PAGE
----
At that time Lyanna seemed resolved to marry Robert despite his vices, as duty demanded. No one forced her. If events have turned out as we assume, this is just isn’t the case. Given how Ned treats the rest of his family, there is nothing that suggests that Ned would have sent her to Robert against her will. And once again, why would Robert be interested in Rhaegar’s leavings? Lyanna has disgraced him thoroughly, To continue to court her would make him a laughingstock plain and simple.

Because these are the men Rhaegar trusts most, not ten others who might have done as well. You look back at the situation with hindsight and have the ability to say it should have been done another way, but the point is it makes sense, from Rhaegar's perspective, that it was done the way is was done.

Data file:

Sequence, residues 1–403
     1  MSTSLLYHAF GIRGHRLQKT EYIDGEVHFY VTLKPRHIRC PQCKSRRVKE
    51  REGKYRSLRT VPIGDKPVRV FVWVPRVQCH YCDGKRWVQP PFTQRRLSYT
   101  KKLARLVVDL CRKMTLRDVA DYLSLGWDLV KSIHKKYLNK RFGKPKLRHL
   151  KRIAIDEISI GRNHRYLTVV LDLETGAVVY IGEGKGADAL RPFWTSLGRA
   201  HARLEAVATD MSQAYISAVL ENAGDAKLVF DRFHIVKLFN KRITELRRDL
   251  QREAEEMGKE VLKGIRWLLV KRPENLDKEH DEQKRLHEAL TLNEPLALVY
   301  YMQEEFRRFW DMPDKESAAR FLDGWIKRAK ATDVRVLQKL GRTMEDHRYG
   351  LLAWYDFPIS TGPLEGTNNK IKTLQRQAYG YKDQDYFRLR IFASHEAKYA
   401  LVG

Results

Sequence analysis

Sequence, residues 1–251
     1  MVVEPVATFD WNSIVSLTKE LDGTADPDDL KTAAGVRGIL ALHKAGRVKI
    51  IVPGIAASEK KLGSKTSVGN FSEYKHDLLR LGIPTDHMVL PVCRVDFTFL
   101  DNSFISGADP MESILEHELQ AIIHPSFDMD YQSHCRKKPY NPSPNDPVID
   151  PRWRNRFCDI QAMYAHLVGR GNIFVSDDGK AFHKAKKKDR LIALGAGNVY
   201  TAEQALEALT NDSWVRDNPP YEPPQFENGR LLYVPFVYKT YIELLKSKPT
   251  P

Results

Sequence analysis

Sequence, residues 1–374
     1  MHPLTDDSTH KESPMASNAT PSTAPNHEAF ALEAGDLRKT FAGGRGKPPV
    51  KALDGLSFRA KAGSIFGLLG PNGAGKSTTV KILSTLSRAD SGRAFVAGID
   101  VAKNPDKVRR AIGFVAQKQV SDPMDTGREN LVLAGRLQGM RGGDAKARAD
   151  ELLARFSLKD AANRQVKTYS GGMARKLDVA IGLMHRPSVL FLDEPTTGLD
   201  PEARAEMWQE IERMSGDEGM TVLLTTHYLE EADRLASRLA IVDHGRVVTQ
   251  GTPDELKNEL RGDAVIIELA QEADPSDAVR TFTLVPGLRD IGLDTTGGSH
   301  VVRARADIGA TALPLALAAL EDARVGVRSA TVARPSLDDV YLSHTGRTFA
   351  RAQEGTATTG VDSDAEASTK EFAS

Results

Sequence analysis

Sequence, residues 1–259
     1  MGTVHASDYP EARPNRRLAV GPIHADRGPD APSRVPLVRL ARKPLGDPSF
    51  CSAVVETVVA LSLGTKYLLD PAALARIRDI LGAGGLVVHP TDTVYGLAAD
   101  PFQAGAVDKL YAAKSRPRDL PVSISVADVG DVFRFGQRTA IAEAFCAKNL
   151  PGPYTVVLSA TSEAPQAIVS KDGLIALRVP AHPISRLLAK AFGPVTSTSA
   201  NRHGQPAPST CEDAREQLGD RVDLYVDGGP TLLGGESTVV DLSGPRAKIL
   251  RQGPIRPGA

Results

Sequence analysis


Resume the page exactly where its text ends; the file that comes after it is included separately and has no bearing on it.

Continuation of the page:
No it doesn’t. It only make sense if these guys are the only ones he can trust in the whole wide world(which really strange given his popularity and status) and the threat to Lyanna is imminent(which we have no indications of).

Remember that Rhaegar is both described as intelligent and dutiful, misusing the commander of the kingsguard in this fashion when he has a war to win that will decide the fate of his entire dynasty just beggars belief.

I'm not sure I understand this.

Sorry, I was rambling. I tried to understand under what circumstances the kingsguard would accept a transferral of power from Aerys to Rhaegar. My impression is that as long as Aerys was acclaimed king they should be duty bound to obey him even over Rhaegar.

It is easy to look back and say "that was a stupid mistake," but, again, look at it from Rhaegar's perspective and I think his decisions, while they failed, were not outrageous.